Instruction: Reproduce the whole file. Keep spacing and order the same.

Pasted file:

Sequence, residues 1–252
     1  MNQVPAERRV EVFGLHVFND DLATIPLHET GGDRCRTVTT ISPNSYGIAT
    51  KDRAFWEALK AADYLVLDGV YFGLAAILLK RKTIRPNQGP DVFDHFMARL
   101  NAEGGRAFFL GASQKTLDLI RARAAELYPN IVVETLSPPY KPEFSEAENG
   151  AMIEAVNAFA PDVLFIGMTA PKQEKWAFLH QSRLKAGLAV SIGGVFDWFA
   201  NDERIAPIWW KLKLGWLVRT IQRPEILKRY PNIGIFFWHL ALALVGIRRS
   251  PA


Sequence, residues 1–252
     1  MNQVPAERRV EVFGLHVFND DLATIPLHET GGDRCRTVTT ISPNSYGIAT
    51  KDRAFWEALK AADYLVLDGV YFGLAAILLK RKTIRPNQGP DVFDHFMARL
   101  NAEGGRAFFL GASQKTLDLI RARAAELYPN IVVETLSPPY KPEFSEAENG
   151  AMIEAVNAFA PDVLFIGMTA PKQEKWAFLH QSRLKAGLAV SIGGVFDWFA
   201  NDERIAPIWW KLKLGWLVRT IQRPEILKRY PNIGIFFWHL ALALVGIRRS
   251  PA